By 2021, Artificial Intelligence (AI) will allow the rate of innovation and employee productivity improvements in Singapore to nearly double (X1.9 times and X1.7, respectively), according to business leaders in Singapore. The study from Microsoft and IDC Asia/Pacific, Future Ready Business: Assessing Asia Pacific’s Growth Potential Through AI surveyed over 104 business leaders and over 102 workers in Singapore.
While more than 80% of business leaders polled agreed that AI is instrumental for their organisation’s competitiveness, only 59% of organisations in Singapore have embarked on their AI journeys. Those organisations that have adopted AI expect it to increase their competitiveness 1.7 times by 2021.
Heavy support by the government
Singapore’s forward-thinking government is one of the early adopters of AI, which is a key factor in driving AI development and adoption in the country.
For instance, the Singapore government has joined hands with Microsoft to develop intelligent chatbots that can deliver a set of tech-based human-like customer services. The bots will eventually respond to personalised queries in a conversational manner, taking away the need for customers to scroll through numerous pages on government websites.
Just like Finland, Singapore as a nation is putting heavy focus on development of AI. AI Singapore (AISG) is a national AI programme launched by the National Research Foundation (NRF) to anchor deep national capabilities in Artificial Intelligence (AI) thereby creating social and economic impacts, grow the local talent, build an AI ecosystem, and put Singapore on the world map.
The programme office is hosted by the National University of Singapore (NUS) and brings together all Singapore-based research institutions and the vibrant ecosystem of AI start-ups and companies developing AI products to perform use-inspired research, grow the knowledge, create the tools, and develop the talent to power Singapore’s AI efforts.
AISG is driven by a government-wide partnership comprising NRF, the Smart Nation and Digital Government Office (SNDGO), the Economic Development Board (EDB), the Infocomm Media Development Authority (IMDA), SGInnovate, and the Integrated Health Information Systems (IHiS).
According the recent news, Singapore will “double down” on its efforts to build up its artificial intelligence (AI) sector, and equip its workforce to use these tools to “participate meaningfully” in a future where the economy is driven by the technology. One of the key performance indicators stated in the Digital Government Blueprint released last year was for all ministries and their related agencies to have at least one AI project by 2023
In recent FBC Singapore event (AI Monday on March 4, 2019), Ashley Khor ( Applied Intelligence Lead Accenture Health & Public Service, Singapore) told interesting practical case examples on how Singapore already utilizes AI in public sector.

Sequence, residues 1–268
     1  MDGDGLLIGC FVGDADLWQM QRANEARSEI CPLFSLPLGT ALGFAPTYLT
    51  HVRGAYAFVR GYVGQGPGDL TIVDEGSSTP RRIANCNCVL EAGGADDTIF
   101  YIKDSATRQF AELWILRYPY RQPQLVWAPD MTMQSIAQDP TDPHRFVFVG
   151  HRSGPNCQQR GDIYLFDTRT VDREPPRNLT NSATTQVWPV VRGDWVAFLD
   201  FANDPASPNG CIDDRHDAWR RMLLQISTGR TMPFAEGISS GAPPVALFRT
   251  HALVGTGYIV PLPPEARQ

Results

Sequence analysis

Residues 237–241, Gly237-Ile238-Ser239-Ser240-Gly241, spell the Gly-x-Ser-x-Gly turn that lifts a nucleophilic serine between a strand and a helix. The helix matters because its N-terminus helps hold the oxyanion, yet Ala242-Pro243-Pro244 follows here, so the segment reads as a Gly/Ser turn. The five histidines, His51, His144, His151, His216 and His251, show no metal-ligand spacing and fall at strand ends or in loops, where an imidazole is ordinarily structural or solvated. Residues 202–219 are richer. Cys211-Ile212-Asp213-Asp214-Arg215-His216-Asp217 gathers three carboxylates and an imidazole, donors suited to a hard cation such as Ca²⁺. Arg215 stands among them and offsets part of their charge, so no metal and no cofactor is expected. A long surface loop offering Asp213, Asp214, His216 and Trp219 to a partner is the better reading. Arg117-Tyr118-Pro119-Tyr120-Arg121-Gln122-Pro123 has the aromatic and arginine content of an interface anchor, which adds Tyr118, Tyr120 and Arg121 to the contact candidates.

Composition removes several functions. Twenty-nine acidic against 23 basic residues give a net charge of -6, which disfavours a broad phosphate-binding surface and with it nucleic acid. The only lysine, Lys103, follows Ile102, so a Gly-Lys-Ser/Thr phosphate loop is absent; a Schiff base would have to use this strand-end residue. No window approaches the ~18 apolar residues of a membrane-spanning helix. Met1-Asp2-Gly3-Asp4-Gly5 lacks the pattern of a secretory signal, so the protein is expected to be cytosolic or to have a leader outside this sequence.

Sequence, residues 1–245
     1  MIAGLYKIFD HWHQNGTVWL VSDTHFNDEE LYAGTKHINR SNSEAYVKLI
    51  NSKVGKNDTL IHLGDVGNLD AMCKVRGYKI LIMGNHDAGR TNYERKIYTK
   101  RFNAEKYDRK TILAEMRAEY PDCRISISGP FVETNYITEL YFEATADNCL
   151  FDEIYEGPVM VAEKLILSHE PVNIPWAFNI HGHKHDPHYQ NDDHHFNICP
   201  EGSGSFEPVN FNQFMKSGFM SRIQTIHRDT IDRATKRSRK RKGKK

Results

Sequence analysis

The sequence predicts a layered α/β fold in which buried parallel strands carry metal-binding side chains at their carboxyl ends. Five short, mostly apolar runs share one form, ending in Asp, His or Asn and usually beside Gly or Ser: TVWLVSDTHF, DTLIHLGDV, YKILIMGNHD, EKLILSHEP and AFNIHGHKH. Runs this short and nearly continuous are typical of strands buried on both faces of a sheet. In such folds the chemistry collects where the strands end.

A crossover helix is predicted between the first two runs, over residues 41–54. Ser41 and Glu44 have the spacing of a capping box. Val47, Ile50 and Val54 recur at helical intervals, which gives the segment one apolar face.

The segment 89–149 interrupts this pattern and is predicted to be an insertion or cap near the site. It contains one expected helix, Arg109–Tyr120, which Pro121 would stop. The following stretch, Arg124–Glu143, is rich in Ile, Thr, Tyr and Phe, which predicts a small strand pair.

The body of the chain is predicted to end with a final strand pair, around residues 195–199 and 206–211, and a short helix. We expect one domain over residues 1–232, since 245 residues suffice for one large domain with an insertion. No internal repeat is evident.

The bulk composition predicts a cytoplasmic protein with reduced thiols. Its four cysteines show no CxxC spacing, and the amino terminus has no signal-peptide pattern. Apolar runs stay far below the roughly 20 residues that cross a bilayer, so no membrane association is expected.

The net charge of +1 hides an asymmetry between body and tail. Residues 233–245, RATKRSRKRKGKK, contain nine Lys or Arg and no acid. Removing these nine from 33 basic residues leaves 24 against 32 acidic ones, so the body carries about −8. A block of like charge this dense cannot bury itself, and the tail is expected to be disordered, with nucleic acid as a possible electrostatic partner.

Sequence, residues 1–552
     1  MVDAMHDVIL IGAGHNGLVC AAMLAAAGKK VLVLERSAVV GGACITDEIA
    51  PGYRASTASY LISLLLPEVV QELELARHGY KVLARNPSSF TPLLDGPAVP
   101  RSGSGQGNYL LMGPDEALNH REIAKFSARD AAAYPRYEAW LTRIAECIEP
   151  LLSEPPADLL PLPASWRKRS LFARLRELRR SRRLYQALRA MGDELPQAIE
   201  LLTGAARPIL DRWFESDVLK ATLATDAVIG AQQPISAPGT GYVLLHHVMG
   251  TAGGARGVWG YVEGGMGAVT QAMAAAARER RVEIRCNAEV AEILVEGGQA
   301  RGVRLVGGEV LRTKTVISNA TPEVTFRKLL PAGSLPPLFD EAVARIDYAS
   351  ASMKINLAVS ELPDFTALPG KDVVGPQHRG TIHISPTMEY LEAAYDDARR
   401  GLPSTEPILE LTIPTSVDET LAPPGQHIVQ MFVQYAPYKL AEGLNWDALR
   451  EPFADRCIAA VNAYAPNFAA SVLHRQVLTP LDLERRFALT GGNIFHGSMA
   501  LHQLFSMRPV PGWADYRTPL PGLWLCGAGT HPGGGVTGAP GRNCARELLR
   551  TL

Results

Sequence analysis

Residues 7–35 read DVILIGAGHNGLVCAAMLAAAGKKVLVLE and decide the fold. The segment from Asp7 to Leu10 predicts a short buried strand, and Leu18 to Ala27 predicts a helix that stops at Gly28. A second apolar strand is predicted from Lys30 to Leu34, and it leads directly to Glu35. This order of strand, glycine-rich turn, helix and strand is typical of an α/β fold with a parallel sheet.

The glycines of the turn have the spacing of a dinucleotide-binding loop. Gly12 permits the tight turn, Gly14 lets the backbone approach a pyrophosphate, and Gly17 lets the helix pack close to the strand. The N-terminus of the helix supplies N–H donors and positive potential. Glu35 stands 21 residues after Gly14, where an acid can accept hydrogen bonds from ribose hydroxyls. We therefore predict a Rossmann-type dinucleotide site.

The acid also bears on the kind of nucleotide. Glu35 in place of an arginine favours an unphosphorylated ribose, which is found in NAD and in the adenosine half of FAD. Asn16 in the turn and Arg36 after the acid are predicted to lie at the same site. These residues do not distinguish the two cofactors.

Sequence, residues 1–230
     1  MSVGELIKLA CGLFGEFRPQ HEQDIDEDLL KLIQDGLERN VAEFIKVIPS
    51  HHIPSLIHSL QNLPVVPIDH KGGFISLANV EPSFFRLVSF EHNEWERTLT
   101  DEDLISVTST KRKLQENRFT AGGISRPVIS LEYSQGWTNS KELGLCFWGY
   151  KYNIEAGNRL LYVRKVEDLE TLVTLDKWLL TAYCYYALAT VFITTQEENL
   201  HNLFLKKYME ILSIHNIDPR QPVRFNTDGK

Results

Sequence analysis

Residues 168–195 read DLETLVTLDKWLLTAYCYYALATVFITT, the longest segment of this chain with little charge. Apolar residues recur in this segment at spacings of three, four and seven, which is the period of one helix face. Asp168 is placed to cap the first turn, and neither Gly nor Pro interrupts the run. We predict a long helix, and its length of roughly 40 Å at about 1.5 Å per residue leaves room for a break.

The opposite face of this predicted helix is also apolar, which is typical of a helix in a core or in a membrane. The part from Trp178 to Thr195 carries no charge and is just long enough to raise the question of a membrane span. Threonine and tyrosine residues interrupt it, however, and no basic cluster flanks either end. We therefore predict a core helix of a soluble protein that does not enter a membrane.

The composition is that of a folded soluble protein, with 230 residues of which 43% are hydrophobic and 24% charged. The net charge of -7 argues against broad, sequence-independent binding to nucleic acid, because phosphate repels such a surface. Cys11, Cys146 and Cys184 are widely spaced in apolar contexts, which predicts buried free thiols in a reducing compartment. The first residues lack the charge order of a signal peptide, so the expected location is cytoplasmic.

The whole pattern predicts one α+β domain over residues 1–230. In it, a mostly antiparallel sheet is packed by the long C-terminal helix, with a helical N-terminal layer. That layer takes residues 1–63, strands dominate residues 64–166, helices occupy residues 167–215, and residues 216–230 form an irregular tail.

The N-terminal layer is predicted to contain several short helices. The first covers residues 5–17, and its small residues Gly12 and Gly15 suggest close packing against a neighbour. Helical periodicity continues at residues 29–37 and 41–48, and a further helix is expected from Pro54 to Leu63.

According to IDC/Microsoft study, there are six dimensions critical to ensuring the success of a nation’s AI journey. It uncovered that Singapore needs to build upon its infrastructure in order to accelerate its AI journey.
“Singapore is not ready yet for AI. To succeed in AI race, markets in the region need to substantially improve their readiness. Organisations’ leadership should make AI a core part of their strategy and develop a learning agility culture. They have to continuously invest in this transformative technology for the long-term success, sometimes without immediate returns,” Victor Lim, Vice President, Consulting Operations, IDC Asia/Pacific said. “There is an urgent need for talents and tools to develop, deploy and monitor AI models, along with the availability of a robust data estate with the adequate governance.”
Finnish AI capabilities are appreciated in Finland
There are a number of Finnish companies in Singapore that are utilizing AI heavily. For example Smartly.IO utilizes bespoke AI solutions to optimize Ad campaigns and Wärtsilä is using AI to make experts more curious and proactive.
Elements of AI, a online course to better understand how machine learning and AI are going to change our world, is frequently used as an example how Finland sees the importance of AI. This course is designed by the Finnish company REAKTOR together with the University of Helsinki and is offered free to all citizens. By now, in Finland, more than 25,000 people have graduated from the course and the President of Finland, Sauli Niinistö, who himself has also done the course, made a graduation speech to the students.
AI Collaboration is needed
A government commissioned survey on Finnish capabilities in artificial intelligence (AI) concluded that Finland is a strong country/region in AI capabilities “with a view to its size”.
The research positioned Finland between South Korea and Austria, ranking Finland as 17th in the world. The survey reminded though that the share of Finnish scientific publications about AI is only 0.5 percent.
In its list of international rankings based on academic publications, the survey ranked Hong Kong SAR as the world leader followed by Singapore and Australia.
Further collaboration between Finland and Singapore in the field of AI would be beneficial for both countries.
Finnish Business Council Ltd.